We’re in this new ‘normal’ together

We’re in this new ‘normal’ together

As governments and citizens alike grapple with the aftermath of the wildfires in the greater Athens area and across Greece, there are some simple fixes landowners might make to help mitigate potential property damage from future wildfires. 

In this space, following the deadly wildfires of 2018 in Mati and Kineta, I wrote a column highlighting some learnings that could be applied from a Canadian perspective. I drafted that column fresh off the experience serving as lead writer on a wildfire- and flood-related report delivered to the Government of British Columbia, Canada’s westernmost province. 

This year’s wildfires, in the Tatoi area and Vilia, hit particularly close to home, with family property in not one but both affected areas. 

Today, people are criticizing the Mitsotakis government for not spearheading an appropriate response or reacting quickly enough. Though that may or may not be true depending on one’s perspective and political persuasion, one fact is certain: Everyone has a role to play in fighting wildfires. 

What does this mean? For citizens, it means taking proactive steps to ensure their properties are free of dead trees and dry wood, leaves and pine needles – “fuel,” as it is also known – that can quickly accelerate a wildfire. This is something we highlighted in the Canadian report titled “Addressing the New Normal: 21st Century Disaster Management in British Columbia”:

“Some of the best measures for future-proofing our homes, our properties and our province do not necessarily come with a high price tag. Finding ways to share best practices, including some of those we have highlighted in this report – and finding opportunities to share those best practices with one another – is crucial. In the case of individual property owners… the simple act of picking up a rake and clearing dead leaves, branches and other small fuels from the yard could help limit the severity and intensity of wildfire.”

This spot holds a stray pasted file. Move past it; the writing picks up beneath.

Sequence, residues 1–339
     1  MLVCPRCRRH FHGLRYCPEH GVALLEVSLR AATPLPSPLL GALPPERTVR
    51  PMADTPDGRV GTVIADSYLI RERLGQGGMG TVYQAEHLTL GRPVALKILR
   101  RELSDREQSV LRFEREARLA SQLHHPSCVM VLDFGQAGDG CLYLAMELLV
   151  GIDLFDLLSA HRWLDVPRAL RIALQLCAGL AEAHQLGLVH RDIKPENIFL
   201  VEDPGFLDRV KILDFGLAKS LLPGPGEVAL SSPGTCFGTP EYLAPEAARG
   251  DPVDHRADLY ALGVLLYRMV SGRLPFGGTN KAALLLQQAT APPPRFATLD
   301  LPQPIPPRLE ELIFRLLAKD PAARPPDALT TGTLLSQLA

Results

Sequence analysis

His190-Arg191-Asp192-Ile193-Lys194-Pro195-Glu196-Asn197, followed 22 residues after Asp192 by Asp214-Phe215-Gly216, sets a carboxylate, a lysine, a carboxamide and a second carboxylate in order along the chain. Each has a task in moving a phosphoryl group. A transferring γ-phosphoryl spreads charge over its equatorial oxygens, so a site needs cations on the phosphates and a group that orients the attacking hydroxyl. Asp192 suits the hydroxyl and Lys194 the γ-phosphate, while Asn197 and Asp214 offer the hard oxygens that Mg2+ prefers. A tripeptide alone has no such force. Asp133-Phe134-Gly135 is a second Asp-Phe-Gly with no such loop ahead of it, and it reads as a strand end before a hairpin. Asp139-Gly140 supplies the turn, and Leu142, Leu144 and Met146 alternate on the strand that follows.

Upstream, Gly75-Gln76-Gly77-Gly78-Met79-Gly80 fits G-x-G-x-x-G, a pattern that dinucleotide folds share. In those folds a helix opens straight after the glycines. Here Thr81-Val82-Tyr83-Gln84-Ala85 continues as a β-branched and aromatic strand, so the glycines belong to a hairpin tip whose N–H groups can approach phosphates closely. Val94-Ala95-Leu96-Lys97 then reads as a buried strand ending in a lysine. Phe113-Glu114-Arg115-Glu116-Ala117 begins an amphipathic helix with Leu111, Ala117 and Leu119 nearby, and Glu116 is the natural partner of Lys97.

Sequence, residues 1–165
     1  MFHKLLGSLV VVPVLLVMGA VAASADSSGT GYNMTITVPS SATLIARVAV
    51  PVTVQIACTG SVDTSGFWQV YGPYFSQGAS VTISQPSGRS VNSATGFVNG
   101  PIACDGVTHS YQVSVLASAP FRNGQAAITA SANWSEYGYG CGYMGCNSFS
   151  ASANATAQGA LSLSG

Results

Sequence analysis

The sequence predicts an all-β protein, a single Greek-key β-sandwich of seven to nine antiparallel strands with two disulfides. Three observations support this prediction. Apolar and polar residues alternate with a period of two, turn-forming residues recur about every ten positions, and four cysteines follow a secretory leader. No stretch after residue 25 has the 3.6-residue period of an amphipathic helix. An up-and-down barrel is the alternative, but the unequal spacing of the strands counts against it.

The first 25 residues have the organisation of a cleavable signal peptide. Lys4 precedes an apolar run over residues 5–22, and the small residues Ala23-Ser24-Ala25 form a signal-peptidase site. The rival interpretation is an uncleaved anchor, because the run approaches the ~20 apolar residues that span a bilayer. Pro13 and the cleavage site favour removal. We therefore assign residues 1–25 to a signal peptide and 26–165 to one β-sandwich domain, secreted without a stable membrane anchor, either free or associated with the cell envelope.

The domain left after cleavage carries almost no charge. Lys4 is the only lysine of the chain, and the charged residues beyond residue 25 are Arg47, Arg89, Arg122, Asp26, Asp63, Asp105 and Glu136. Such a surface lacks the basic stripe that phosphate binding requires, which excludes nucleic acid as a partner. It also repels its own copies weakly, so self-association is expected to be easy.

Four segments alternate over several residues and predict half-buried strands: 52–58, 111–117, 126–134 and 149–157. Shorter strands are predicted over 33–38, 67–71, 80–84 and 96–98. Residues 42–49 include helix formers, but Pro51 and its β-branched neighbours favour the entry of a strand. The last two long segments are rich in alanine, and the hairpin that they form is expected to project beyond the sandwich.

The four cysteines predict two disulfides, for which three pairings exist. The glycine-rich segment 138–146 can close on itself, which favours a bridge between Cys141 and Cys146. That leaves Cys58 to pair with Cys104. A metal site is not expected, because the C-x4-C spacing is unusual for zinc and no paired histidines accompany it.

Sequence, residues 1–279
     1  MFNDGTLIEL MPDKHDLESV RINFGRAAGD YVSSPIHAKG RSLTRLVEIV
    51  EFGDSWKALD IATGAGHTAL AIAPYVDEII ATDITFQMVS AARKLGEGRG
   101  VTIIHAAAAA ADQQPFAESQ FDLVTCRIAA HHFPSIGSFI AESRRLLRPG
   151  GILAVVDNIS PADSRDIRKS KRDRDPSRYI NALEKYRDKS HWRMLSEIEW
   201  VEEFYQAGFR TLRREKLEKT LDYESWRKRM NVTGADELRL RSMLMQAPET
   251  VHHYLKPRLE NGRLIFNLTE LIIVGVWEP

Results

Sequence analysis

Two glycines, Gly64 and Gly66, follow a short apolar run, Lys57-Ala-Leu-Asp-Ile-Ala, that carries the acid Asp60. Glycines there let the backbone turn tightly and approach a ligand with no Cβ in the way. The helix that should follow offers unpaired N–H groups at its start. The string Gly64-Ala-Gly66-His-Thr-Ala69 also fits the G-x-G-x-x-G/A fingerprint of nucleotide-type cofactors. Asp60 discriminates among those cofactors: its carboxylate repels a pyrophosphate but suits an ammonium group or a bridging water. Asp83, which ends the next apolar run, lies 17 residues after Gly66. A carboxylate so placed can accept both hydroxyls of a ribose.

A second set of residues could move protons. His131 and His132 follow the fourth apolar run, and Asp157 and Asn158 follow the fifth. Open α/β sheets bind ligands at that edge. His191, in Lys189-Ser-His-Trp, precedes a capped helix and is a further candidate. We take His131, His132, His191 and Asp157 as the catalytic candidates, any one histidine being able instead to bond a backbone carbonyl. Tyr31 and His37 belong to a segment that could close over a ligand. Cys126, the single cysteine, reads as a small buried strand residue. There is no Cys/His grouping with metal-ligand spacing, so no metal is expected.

The reality is that a clean yard may mean the difference between whether a home, neighborhood or community is destroyed or not. With the recent wildfires northeast of Athens and on Evia, this proved all too true. One landowner featured prominently on television managed to save his home and, in turn, his community, by practicing this simple prescription.

A recent visit to the island of Agistri, heavily populated with pine trees, suggested just how vulnerable the forest and nearby properties are there – rooftops covered with dry pine needles. Considering the healthy contingent of campers on the island at any given time in the summer, and that smoking is still popular in Greece, all it would take is one cigarette, improperly extinguished, for disaster to happen. Agistri could be any Greek island. The same holds true country-wide.

Whether wildfires are caused by natural phenomena or, in some cases, instigated by arson, one thing is clear: Regardless of how well-prepared governments or homeowners are, wildfires can and will quickly get out of control with devastating impact. 

For their part, national, regional and municipal governments all have a responsibility to urge landowners to keep their properties clear. Among the suite of measures being implemented to lessen and limit the impact of future wildfires, mechanisms such as homeowner grants and rebates, popular with governments at all levels in Canada, might help incentivize property owners to make such change. This could include, for example, re-landscaping in favor of materials less likely to catch or spread fire, such as stones and cacti. 

While governments may or may not be able to do more, it is simplistic to blame any one government in its entirety. Instead, we must remember that governments and citizens are in this “new normal” together.

Andrew Tzembelicos is a Greek-Canadian writer, editor and communications consultant currently based in Athens.

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